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In defense of dining dogs

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Got several letters in defense of having dogs at establishments with outdoor dining. Haven't heard from anybody defending officialdom. We'll be printing other letters this week. Read the Aug. 21 story here and our Aug. 22 editorial here.

 

Regarding your Aug. 21 article “Wake wants dogless dining”:
I am a dog owner. State laws aside, animals do not belong inside restaurants out of common courtesy to others. Outside, however, the decision to allow pets in common areas, especially those adjacent to public thoroughfares, should be made by the restaurant and its patrons.
Wake County enforcement of the ambiguous state law restricting animals in food preparation areas will likely target locally owned businesses and merchants. The cost of enforcing this law coupled with the lost revenue from neighborhood businesses well exceeds the benefit of the regulation. Let the local community govern this matter.

Nick Stone
Raleigh

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Restaurant owners and not the state should make the decision concerning allowing dogs in outdoor dining areas. My husband and I have frequented many area restaurants (where pets are welcome) with our well-behaved dog, and never received a complaint. We never assume that other customers will hold the same admiration for our dog that we do and keep him by our side. From my observation, many dogs are much better behaved than some kids whose parents allow them free rein at restaurants — both inside and outside.

Linda Pattison
Cary
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Raleigh food and safety officials are missing the point of not allowing dogs on restaurant patios; many think of dogs as family members. If there are specific problems at a restaurant, let the owners handle it. No smoking outside, no dogs on patios; what ban is next? Crying babies with their thrown food?

Come on, officials. The 1993 ordinance is open to misinterpretation. Why not leave dogs alone? The well-behaved dog is much more enjoyed than the loud, boisterous patron who has been served too much alcohol.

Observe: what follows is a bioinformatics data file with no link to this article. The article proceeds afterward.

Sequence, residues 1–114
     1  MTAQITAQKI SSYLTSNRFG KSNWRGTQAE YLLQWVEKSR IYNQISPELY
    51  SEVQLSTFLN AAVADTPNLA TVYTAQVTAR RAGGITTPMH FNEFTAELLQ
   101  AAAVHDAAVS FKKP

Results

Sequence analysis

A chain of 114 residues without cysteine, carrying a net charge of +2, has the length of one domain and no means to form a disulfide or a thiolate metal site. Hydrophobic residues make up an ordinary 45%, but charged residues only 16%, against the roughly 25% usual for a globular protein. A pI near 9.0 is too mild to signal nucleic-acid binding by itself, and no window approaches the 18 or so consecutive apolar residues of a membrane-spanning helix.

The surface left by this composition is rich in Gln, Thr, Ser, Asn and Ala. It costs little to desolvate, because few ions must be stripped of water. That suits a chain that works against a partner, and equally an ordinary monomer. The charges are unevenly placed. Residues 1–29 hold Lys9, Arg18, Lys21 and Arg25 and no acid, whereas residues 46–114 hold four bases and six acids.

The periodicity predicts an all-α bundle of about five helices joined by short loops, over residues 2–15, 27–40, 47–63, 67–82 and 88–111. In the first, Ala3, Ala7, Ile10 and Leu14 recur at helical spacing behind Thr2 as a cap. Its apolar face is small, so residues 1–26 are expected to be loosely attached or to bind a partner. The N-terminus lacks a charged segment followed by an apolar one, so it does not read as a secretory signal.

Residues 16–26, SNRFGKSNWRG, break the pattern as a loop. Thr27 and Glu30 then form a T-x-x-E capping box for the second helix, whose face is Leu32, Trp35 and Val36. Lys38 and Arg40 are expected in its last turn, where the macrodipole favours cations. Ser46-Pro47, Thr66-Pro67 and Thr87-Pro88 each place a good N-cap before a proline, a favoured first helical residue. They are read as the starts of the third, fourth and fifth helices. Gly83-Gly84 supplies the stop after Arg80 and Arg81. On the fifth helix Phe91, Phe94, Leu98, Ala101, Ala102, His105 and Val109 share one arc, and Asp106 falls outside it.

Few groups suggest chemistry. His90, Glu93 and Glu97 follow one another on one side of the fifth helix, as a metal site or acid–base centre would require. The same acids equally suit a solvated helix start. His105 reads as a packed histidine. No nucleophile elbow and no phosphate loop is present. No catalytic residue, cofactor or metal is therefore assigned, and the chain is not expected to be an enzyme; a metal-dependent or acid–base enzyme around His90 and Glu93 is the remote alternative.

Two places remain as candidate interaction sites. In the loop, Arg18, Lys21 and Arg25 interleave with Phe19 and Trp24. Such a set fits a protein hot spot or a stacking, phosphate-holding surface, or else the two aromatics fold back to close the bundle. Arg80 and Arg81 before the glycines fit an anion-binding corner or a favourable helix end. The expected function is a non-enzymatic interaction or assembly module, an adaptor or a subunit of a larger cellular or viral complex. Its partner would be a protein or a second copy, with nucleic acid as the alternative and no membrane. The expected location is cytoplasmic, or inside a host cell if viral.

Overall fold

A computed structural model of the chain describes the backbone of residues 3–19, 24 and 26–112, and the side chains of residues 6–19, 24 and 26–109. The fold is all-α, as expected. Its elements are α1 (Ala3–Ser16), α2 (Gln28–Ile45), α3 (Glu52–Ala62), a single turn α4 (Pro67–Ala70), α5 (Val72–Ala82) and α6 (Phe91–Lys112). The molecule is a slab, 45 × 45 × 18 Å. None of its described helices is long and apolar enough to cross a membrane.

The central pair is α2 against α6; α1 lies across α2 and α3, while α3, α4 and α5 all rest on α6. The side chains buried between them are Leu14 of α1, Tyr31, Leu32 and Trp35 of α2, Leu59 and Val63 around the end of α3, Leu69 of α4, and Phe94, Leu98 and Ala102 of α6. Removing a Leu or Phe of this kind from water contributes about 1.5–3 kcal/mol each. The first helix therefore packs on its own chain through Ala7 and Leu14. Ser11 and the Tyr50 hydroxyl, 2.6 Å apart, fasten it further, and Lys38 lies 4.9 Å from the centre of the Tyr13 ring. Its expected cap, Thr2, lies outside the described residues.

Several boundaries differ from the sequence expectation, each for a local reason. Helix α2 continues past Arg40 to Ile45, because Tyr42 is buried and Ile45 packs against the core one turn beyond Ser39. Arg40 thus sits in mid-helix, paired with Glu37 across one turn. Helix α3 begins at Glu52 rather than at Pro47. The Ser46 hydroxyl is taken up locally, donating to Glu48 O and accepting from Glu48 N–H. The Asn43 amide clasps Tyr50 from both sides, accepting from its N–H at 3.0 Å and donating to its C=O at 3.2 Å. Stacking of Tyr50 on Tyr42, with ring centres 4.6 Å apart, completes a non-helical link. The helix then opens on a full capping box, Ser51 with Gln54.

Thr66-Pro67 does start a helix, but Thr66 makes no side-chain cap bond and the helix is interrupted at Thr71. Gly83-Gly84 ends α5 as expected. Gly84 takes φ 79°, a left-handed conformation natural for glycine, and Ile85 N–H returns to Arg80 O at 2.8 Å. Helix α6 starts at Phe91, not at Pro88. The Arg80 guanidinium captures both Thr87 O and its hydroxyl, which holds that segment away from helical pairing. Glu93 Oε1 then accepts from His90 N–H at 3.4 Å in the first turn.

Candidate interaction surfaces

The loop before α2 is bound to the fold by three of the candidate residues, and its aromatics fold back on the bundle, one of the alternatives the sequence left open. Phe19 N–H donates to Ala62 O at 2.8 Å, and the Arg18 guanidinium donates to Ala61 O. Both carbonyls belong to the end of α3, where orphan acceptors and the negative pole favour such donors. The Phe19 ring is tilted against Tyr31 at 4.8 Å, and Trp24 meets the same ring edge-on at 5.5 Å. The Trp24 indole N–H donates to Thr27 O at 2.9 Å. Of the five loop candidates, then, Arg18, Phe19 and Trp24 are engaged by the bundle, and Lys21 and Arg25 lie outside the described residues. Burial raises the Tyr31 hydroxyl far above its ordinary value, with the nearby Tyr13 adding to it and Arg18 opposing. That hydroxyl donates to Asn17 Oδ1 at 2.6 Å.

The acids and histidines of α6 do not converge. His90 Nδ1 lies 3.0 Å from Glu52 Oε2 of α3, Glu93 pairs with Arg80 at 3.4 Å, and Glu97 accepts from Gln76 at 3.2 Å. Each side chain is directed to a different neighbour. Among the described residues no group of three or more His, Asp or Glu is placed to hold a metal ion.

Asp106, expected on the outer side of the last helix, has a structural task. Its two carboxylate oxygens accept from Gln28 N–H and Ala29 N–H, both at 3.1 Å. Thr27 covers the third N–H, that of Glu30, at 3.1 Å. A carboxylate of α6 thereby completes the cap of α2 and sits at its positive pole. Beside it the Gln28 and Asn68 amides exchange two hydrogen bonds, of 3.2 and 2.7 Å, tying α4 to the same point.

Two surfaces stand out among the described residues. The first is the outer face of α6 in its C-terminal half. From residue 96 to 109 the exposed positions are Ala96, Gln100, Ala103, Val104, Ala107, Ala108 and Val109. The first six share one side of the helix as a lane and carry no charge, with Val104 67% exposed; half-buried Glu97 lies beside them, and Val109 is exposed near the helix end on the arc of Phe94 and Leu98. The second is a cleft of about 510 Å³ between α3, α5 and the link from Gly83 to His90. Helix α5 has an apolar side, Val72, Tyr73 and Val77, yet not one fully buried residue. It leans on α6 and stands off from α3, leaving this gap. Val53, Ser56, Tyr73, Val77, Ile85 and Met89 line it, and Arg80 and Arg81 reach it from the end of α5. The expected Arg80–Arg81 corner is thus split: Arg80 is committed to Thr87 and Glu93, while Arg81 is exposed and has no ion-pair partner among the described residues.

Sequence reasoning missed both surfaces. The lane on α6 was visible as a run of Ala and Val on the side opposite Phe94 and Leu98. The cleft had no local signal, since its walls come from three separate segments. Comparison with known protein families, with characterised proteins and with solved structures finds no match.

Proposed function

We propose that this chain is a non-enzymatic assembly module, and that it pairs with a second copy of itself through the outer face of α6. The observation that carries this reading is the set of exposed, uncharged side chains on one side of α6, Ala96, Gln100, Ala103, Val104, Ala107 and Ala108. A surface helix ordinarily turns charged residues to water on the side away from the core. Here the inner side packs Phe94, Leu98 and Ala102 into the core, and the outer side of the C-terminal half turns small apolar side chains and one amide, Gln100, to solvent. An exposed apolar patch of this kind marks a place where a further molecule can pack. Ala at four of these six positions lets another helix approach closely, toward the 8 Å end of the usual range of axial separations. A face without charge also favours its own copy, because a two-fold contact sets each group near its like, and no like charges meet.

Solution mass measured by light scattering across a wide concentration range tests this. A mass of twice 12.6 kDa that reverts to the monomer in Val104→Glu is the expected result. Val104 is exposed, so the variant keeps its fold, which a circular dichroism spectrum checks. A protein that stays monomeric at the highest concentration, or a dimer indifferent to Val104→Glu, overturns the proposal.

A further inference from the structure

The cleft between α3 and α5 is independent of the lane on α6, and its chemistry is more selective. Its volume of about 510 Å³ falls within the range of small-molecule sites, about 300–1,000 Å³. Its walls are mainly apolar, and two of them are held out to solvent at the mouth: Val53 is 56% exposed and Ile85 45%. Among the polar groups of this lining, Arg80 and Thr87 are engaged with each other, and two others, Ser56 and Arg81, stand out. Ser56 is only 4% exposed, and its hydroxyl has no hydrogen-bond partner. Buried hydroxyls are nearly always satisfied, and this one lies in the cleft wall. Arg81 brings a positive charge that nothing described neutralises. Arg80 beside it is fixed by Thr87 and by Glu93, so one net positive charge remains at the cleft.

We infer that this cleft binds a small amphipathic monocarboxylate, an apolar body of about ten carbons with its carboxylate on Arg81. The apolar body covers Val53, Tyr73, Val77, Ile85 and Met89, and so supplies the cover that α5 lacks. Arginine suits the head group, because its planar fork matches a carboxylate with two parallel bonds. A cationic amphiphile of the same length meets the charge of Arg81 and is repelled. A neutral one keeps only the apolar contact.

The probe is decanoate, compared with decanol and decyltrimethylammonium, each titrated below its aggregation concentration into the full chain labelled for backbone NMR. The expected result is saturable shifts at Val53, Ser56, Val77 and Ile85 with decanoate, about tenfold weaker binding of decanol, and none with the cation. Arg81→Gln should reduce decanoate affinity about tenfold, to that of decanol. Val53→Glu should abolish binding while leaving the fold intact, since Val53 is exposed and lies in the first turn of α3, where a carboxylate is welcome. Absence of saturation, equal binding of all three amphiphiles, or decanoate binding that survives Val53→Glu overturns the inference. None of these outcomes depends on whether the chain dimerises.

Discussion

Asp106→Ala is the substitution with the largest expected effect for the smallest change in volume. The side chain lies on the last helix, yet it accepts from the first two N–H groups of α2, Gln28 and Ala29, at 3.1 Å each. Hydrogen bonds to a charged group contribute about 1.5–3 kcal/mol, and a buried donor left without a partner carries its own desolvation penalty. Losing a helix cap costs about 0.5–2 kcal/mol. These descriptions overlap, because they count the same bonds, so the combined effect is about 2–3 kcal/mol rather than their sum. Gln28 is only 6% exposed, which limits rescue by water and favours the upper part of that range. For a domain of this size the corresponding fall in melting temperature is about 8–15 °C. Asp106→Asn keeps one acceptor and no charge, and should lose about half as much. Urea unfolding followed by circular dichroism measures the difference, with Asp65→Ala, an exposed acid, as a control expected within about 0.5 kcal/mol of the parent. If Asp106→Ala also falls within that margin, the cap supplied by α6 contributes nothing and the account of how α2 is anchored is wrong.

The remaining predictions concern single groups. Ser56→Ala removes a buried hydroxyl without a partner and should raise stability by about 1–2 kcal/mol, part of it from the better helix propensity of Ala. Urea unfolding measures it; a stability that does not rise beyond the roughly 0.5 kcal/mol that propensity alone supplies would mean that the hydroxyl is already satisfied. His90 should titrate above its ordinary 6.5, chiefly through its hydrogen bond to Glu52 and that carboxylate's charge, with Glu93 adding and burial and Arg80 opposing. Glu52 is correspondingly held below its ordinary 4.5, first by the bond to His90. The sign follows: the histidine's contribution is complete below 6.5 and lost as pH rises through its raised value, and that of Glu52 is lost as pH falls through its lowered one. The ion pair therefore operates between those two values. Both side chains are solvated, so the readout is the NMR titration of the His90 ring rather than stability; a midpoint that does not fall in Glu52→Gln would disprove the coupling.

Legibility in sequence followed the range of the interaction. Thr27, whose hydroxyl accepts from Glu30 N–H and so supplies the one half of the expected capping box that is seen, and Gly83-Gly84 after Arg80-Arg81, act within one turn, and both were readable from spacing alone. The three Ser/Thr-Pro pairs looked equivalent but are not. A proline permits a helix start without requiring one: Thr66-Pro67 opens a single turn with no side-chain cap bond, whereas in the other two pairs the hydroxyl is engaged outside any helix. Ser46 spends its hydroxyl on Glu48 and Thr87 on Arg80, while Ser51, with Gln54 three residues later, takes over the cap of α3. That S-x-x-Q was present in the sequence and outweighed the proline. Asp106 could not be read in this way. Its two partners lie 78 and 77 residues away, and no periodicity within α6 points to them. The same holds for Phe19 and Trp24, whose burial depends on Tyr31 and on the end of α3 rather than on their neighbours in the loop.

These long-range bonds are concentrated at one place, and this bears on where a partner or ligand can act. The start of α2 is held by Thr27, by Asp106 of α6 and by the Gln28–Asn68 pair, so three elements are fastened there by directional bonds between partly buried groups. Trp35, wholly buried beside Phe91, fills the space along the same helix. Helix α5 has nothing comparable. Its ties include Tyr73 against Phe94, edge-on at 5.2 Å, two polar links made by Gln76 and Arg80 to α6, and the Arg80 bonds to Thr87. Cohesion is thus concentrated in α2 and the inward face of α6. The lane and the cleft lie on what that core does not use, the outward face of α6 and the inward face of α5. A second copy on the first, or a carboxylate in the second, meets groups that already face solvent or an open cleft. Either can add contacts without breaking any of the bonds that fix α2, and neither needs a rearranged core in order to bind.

Susan Gillette
Raleigh
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North Carolina should have better to do (in this economy) than to be concerned about dogs being outside a restaurant, whether it be patio or sidewalk. When I saw your earlier article I cut it out so that I would know which restaurants I could take my Sheltie (who is well behaved) to and enjoy time with her and socialize her with other dogs.

The owners of patio or sidewalk restaurants should fight for the dogs, the dog owners and their profit margins, which would increase.

If officials ban the dogs, then they should make sure the patios are all screened to keep out flying birds and insects!

Phyllis J. terHorst
Apex

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In defense of dining dogs

You've taken the time to post to this blog. Now please take the next step like I've done and write letters to the following people with your opinion on this topic. Feel free to email them and call them as well. Please tell your friends to do the same.

Larry Michael, head of the Food Protection Branch

    Larry Michael
    Food Protection Branch
    N.C. Department of Environment and Natural Resources
    1632 Mail Service Center
    Raleigh, NC 27699-1632

The Food Protection Branch resides in the North Carolina Department of Environment and Natural Resources. Larry's boss is

    Secretary Dee Freeman
    N.C. Department of Environment and Natural Resources
    1601 Mail Service Center, Raleigh, NC 27699-1601

Secretary Freeman's boss is the Governor:

    Governor Bev Perdue
    Office of the Governor
    20301 Mail Service Center
    Raleigh, NC 27699-0301

Your state representative and senator. If you don't know who they are you can look them up here using your zip code:

    http://www.ncleg.net/GIS/RandR07/Home.html

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About the blogger

Burgetta Eplin Wheeler is the associate editor of the Editorial pages, responsible for the Other Opinion page. She occasionally writes editorials. She can be reached at bwheeler@newsobserver.com or 829-4825.
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